Perhaps one of the best (free) sights of Maastricht is simply to admire the two town squares in the centre of the city and the many old buildings around the street near the university and town wall:
- Vrijthof. This famous square is considered by many to be the beating heart of the old city. It features the massive St Servaas Church and St Jan's Cathedral and hosts a range of large festivals throughout the year. The Carnival before Lent is an amazing occasion where (it seems) the whole city dresses up in costume and parties until the early hours. It really has to be seen to be believed, this is a North European Mardi Gras, hence colder and darker than its American cousin.
- St Servaas (Servatius) Basilica. This basilica is believed to be built on top of the grace of Saint Servatius. The first known bishop of the Netherlands, he is said to have died here in the 4th century. The current grand, Romanesque structure in the shape of a cross was first built around the year 1000, and substantially expanded over the centuries. Pope John Paul II made the church a basilica after his visit here in 1985. Today, this enormous structure can only be viewed by paying a €4 entrance fee, which includes the cloister and a small museum of religious treasures. Enter from the Keizer Karelplein, NW of the Vrijthof.
- Lieve Vrouwebasiliek (Basilica of Our Lady of the Assumption). Commonly known as the Star of the Sea, after an old title for the Virgin Mary, this Romanesque church was largely built in the 11th and 12th century. Although no archaeological research has been carried out, historians believe earlier churches stood on the same spot before. Large parts of the church treasures were lost when the city became part of the First French Republic. The church was then used as a blacksmith workshop by the military, and the cloister area served as stables. The basilica's two narrow towers, topped with marlstone turrets, make it an important landmark for Maastricht and the charming little chapel is a popular place with both locals and tourists to light a candle. Inside, the miraculous statue of Our Lady, Star of the Sea is perhaps the main attraction.
- Market & Town Hall. The fairly large market square has been the stage for markets for centuries, and still houses goods markets on Wednesdays and Fridays. It's a lively square, surrounded by cafés, shops and eateries, but also home to the 17th century Town Hall. It was designed by Pieter Post and is an excellent example of Dutch Baroque architecture.
- Town wall. south of the town centre, the wall includes the Helpoort (Hell's Gate), the oldest city gate in the Netherlands.
- City Library (Centre Ceramique), Plein 1992.
- University Maastricht Library (centre), Grote Looierstraat 17.
- University Maastricht Library (Randwyck), Universiteitssingel 50.
- Stadhuis (Town Hall) (in the Markt).
- Bonnefantenmuseum, Avenue Céramique 250, ☎ , fax: +31 (43) 329 01 99, e-mail: email@example.com. Tue-Sun: 11.00 am - 5.00 pm; Mon: closed, except on public holidays. The museum is the foremost museum of Old Masters and contemporary art in the province of Limburg. The contemporary art collection contains works by an international group of artists, including Sol LeWitt. In addition to contemporary paintings, the collection also includes projections and gallery-sized installations. The collection of Old Masters emphasises on 16th and 17th century Flemish paintings, including major works by Peter Paul Rubens, Anthony van Dyck and Jacob Jordaens. In addition, the collection comprises magnificent medieval sculptures by Jan van Steffenswert, early Italian paintings and a presentation of Maastricht silver. Adult: €7.50; child 13-18: €3.50; child under 13: free entry.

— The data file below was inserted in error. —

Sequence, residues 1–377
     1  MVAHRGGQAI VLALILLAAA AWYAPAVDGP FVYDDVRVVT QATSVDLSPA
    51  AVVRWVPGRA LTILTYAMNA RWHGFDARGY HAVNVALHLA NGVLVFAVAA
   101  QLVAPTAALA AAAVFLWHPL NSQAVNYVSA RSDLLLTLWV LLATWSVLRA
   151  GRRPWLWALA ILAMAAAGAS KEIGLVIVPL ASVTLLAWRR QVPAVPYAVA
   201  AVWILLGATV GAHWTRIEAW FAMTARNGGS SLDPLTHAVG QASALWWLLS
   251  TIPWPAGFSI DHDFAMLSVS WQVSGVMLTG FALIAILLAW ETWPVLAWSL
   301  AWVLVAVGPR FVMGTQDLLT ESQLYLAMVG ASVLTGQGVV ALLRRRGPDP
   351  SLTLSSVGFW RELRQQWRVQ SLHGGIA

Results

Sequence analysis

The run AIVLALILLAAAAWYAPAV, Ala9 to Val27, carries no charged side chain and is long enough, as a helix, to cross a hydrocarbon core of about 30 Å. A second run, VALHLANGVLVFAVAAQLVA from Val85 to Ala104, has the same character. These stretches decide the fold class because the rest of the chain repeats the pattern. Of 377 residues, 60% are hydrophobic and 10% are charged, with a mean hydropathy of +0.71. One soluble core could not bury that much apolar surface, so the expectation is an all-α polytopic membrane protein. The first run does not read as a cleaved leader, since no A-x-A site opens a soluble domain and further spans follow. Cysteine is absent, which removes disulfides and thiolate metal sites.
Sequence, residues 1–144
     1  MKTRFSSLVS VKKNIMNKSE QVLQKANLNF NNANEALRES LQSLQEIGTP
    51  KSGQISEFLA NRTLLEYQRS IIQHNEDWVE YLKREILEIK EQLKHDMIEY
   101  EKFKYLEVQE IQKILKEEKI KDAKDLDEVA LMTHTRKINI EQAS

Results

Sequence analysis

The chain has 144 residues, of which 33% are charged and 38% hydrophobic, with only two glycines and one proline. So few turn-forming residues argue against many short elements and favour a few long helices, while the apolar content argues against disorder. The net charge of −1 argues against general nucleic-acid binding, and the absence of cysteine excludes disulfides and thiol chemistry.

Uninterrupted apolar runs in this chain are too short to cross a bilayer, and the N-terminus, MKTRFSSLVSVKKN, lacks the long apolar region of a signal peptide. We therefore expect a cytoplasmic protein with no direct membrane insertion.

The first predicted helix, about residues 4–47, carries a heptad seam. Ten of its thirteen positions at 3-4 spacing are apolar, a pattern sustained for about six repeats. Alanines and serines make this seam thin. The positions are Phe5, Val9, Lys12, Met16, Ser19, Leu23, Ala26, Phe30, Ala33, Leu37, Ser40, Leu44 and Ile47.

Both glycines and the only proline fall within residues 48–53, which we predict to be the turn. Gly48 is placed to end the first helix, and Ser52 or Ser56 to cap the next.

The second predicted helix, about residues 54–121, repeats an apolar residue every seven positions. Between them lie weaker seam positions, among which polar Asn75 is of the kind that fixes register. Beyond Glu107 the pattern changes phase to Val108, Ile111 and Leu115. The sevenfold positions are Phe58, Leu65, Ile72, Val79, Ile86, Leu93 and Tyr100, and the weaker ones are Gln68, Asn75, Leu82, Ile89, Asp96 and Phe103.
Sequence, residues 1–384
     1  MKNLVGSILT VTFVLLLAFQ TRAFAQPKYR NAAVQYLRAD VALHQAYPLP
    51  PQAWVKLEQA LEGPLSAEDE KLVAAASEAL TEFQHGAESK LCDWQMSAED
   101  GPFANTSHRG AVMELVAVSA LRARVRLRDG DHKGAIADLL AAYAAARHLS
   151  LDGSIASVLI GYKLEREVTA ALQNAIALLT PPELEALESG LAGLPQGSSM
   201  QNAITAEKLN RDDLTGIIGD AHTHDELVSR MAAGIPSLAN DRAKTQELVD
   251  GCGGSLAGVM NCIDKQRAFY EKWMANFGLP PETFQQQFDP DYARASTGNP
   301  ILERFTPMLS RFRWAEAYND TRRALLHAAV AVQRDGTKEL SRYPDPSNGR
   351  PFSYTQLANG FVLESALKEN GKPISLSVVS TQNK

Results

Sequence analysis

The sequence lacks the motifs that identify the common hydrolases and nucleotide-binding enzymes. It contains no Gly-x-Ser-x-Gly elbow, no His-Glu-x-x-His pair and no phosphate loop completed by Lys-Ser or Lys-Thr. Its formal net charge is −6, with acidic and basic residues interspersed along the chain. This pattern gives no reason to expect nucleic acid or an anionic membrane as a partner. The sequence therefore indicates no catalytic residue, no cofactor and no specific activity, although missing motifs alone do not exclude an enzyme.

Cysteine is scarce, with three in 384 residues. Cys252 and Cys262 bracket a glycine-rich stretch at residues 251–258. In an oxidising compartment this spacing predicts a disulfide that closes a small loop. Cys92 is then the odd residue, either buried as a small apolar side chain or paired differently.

- Centre Céramique, Avenue Céramique 50, ☎ , fax: +31 (43) 350 55 99, e-mail: firstname.lastname@example.org. Tue and Thu: 10.30 am - 8.30 pm; Wed, Fri, Sun: 10.30 am - 5.00 pm.
- Derlon Museum Cellar, Plankstraat 21, ☎ . Sun: 12.00 am - 4.00 pm. The museum is not wheelchair accessible. Before the restoration of the Derlon Hotel started, Maastricht's city archeologists undertook an extensive survey of the site. The Roman finds, from the 2nd, 3rd and 4th century, are considered that important that it was decided to conserve them and exhibit these to interested parties. The following can be seen in the cellar of Derlon Hotel: part of a 2nd and 3rd century square, a 3rd century well, part of a pre- Roman cobblestone road and sections of a wall and a gate dating from the 4th century. Free entry.
- Natuurhistorisch Museum, De Bosquetplein 7, ☎ , fax: +31 (43) 350 54 75, e-mail: email@example.com. Mon-Fri: 10.00 am - 5.00 pm; Sat-Sun: 2.00 pm - 5.00 pm. The museum outlines the natural history of southern Limburg. Modern displays offer an insight into both the recent and distant past. Among the museum's highlights are the remains of enormous Mosasauriers and Giant Turtles found in marlstone at the St Pietersberg caverns. Fossils of all shapes and sizes show how South Limburg has changed in the course of the last 300 million years. Adult: €4.50; child 4-11: €3.00; child under 4: free entry.
- Spaans Gouvernement, Vrijthof 18, ☎ , e-mail: firstname.lastname@example.org. Wed-Sun: 1.00 pm - 5.00 pm. The museum contains period rooms with mainly 17th and 18th century furnishings, including furniture, silver, porcelain and pottery, glassware and paintings. Two of the rooms have been decorated in the mid-18th century Liège-Maastricht Regence Style. Adult: €3.00 (exposition: €4.00); child under 16: free entry.